The court referred to the process of “picking off plaintiffs” as a “theme” with many variations, several of which “have been tried and have failed.” Slip op. at 1. In Laurens, Volvo contended, in a motion to dismiss under Fed. Rule 12(b)(1), that Khadija Laurens, one of the now-plaintiffs, lacked standing because Volvo had sent her a letter offering complete relief before she had been added to the current lawsuit (her husband, Xavier, was the initial named plaintiff). The district court agreed that the defendant’s offer had redressed her injury before she became a party to the suit, and thus dismissed the action.

In a refreshingly straightforward analysis, applying basic contract law, the Court of Appeals held that simply making an unaccepted pre-litigation offer of redress does not result in a loss of Article III standing. As the court explained: “Any first-year law student knows that contract formation requires offer, acceptance and consideration. . . .  Consider what this case would look if the parties were reversed. [Plaintiff] could not argue that she had the right unilaterally to compel an unwilling Volvo to trade a full refund in exchange for her claim.” Slip op. at 11-12. This latest variety of attempting to moot a class action via unaccepted pre-litigation offers met a demise similar to Campbell-Ewald, where the Supreme Court of the United States clearly found that a case was not mooted by an unaccepted Rule 68 offer of judgment; thus, the plaintiff still had standing in a Telephone Consumer Protection Act case. Campbell-Ewald Co. v. Gomez, 136 S. Ct. 663 (2016).

After the appeals court reversed and remanded the Laurens action, the district court applied the ruling and, for the most part, denied the defendant’s motion to dismiss. Such uncomplicated analysis by the Seventh Circuit is welcome in the often convoluted world of Article III standing.

Authored by:
Tarek Zohdy, Associate

Monroy v. Yoshinoya: Reporting Time Gets Modernized

Yoshinoya—the Japanese-inspired fast food restaurant chain, like many modern companies, has tried to maximize its own flexibility while minimizing labor costs through an uncompensated “on-call” scheduling system. Specifically, in Monroy v. Yoshinoya, Case No. BC653419 (Los Angeles Superior Court), the plaintiff alleged that the restaurant would schedule employees for “on-call” shifts, where the employee is expected to call the manager at a specific time or two hours prior to his or her scheduled start time. If the employee is needed, he or she is called into work; if not needed, he or she is informed that he or she will not be working that day. If an employee does not call in and report to work when needed, the employee is subject to discipline. Employees do not receive any compensation for the “on-call” shifts, unless they were called into work.

Although “on-call” scheduling is a commonly-utilized practice, on November 27, 2017, Judge Elihu M. Berle denied Yoshinoya’s motion for summary judgment and ruled that its scheduling system was a violation of California’s reporting time laws. See Notice of Ruling on Defendant’s Motion for Summary Adjudication, available here. Wage Order No. 5-2001(5)(A)[1] provides that:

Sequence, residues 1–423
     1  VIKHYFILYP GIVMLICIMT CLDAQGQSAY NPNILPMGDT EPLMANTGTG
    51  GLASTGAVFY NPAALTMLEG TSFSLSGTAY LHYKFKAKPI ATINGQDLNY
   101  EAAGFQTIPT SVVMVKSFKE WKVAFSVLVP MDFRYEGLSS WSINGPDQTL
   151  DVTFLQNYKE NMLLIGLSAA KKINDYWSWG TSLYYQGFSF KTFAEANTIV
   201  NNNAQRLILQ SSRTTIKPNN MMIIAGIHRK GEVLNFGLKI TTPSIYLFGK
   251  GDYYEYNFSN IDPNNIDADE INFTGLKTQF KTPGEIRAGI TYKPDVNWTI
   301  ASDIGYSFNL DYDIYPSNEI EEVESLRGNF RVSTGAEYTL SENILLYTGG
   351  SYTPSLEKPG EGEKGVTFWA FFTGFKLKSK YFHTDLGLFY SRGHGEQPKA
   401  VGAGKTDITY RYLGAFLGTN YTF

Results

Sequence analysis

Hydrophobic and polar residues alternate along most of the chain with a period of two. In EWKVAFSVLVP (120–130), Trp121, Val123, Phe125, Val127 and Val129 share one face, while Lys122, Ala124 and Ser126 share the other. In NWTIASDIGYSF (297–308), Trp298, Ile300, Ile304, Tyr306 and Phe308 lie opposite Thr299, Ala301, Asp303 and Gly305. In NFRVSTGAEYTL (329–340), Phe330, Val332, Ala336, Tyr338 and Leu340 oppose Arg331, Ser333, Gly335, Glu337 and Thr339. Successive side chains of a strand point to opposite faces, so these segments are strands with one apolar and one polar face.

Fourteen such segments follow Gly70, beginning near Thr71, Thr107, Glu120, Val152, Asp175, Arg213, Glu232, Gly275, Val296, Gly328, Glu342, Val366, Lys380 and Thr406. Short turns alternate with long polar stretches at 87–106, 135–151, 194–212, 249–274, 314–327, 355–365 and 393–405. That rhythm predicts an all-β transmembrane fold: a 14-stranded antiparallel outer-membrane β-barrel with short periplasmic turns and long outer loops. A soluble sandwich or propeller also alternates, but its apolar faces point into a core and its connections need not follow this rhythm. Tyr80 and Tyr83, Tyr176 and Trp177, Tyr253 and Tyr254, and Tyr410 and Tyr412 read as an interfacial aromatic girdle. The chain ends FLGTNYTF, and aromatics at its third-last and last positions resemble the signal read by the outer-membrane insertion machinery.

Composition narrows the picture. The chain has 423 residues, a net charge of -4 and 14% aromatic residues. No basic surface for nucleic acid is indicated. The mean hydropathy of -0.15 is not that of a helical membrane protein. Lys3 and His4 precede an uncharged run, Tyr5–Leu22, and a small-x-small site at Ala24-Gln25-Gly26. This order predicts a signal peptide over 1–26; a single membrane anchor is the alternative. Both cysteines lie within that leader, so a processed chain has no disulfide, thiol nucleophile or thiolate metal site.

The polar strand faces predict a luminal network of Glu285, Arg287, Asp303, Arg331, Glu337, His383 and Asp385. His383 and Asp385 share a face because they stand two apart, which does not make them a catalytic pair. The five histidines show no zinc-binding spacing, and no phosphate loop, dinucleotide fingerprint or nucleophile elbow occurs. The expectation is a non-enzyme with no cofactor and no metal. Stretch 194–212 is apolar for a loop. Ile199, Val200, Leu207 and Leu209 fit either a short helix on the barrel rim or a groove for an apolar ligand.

[E]ach workday an employee is required to report for work and does report, but is not put to work or is furnished less than half said employee’s usual or scheduled day’s work, the employee shall be paid for half the usual or scheduled day’s work, but in no event for less than two (2) hours not more than four (4) hours, at the employee’s regular rate of pay, which shall not be less than the minimum wage.

Employers have consistently argued that an employee does not “report for work” unless he or she physically shows up at the work site. Employees, on the other hand, have argued that the Wage Order encompasses any time an employee is required to reserve his or her day, check in, and be prepared to work—whether that be by physically reporting or checking in by phone or other electronic means.

Prior to Judge Berle’s ruling, two federal court cases had addressed this issue: Casas v. Victoria’s Secret, LLC (C.D. Cal. April 9, 2015), No. 2:14-cv-06412-GW-VBK, and Bernal v. Zumiez, Inc., 2017 WL 3585230 (E.D. Cal. Aug. 17, 2017). In Casas, the court found that reporting for work required physically appearing at the work site, whereas Bernal found the opposite and found that “reporting for work may be accomplished telephonically.” There is not yet any California appellate authority addressing this issue.

At oral argument, Judge Berle focused on two issues: first, the fundamental fairness of requiring employees to block off their day because they may be called to work. Judge Berle pointed out that by doing so, the employee is not free to make a doctor’s appointment, agree to take care of a family member, or schedule other appointments, because he or she must reserve the day or part of the day to be available to work. Second, the judge noted that, in this case, there was the threat of discipline if the employee failed to call in or report to work if called, which created a “right to control.” Judge Berle characterized Yoshinoya’s position as amounting to employer control “without compensation.”

What this means is quite simple: employers can no longer assume that unless an employee physically reports to work, that they are not responsible for reporting time pay. Reporting for work can now potentially encompass any time an employee is required to make himself or herself available to work and report in—no matter the means of reporting.

[1] All of California’s wage orders contain the same reporting time requirement.

Authored by:
Arnab Banerjee, Senior Counsel